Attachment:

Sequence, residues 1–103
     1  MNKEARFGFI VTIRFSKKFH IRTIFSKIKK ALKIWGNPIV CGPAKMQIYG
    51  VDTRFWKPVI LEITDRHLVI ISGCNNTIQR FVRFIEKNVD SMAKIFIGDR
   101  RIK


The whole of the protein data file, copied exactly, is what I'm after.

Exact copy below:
Sequence, residues 1–103
     1  MNKEARFGFI VTIRFSKKFH IRTIFSKIKK ALKIWGNPIV CGPAKMQIYG
    51  VDTRFWKPVI LEITDRHLVI ISGCNNTIQR FVRFIEKNVD SMAKIFIGDR
   101  RIK